Promoting trust, ethics and integrity in the workplace was a major theme of a TIGERoadshow in Edinburgh, on Trust and Integrity in the Global Economy. It was hosted by Tods Murray LLP’s Women in Business network and The3rdiMagazine. The roadshow was invited to Edinburgh by the magazine’s editor, Karen Birch. This was the third event in a series of one-day conferences organised by Initiatives of Change UK’s Trust and Integrity in the Global Economy (TIGE) programme.
Lady Susan Rice, Managing Director of Lloyds Banking Group in Scotland, said that trust should be at the core of the banking and financial sector. Following scandals of the mis-selling of Payment Protection Insurance, bailouts and bonus rows, the sector has lost the public’s trust.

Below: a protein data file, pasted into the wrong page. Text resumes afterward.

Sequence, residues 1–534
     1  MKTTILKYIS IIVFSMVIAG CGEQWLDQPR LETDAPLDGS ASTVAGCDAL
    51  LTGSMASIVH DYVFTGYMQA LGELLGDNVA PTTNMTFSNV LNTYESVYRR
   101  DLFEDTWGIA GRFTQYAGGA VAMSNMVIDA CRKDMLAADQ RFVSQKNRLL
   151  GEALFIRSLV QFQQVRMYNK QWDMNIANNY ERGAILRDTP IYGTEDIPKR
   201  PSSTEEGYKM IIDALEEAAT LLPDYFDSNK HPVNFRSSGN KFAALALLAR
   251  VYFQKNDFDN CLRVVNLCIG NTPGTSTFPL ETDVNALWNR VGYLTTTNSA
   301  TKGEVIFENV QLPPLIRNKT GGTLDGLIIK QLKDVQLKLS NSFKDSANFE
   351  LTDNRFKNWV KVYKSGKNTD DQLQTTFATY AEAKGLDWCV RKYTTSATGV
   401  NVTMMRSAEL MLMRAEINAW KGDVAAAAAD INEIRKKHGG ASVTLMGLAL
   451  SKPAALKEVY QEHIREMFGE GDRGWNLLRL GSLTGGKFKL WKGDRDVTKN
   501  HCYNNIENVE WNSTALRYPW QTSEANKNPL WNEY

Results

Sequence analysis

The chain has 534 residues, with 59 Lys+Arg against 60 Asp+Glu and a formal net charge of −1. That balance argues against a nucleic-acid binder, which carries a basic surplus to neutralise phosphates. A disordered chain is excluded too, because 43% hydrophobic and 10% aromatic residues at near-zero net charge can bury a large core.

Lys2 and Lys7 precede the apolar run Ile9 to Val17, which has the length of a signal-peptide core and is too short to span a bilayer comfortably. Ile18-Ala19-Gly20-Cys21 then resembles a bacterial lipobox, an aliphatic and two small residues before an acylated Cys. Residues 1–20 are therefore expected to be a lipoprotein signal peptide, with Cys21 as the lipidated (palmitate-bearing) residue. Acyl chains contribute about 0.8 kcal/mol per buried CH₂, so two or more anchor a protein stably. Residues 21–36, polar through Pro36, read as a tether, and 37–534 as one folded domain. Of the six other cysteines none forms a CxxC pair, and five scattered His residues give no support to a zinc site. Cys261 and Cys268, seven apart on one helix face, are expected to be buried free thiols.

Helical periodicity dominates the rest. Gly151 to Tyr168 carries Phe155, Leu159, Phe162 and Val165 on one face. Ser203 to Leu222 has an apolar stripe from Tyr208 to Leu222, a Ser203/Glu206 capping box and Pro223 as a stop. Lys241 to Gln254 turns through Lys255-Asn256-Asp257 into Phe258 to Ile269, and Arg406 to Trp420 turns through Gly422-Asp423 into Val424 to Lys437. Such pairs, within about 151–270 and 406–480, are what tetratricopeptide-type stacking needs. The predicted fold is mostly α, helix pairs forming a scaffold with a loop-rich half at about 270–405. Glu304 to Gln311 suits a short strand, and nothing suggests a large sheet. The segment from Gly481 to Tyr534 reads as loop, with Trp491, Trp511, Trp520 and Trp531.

Rice said: ‘When things go well in a business, we tend to describe its success in numbers. But when they go badly, we blame behaviours. It’s curious that, because at the end of the day, it’s the people in a business and their behaviours, their values, their conscience which deliver the value. So, even in the best of times, should we not describe success in terms of both the numbers and the culture?’ She added that we can measure professionalism, trust and confidence—values not just outputs. ‘The way we do things is as important as what we do,’ she said.
Following the financial crisis of 2007-8, regulators had become more robust with rules and regulations. However, Rice urged regulators not to be overly complex as this limits bankers’ ability to make their own judgements, which is crucial in ensuring that they take responsibility for their actions.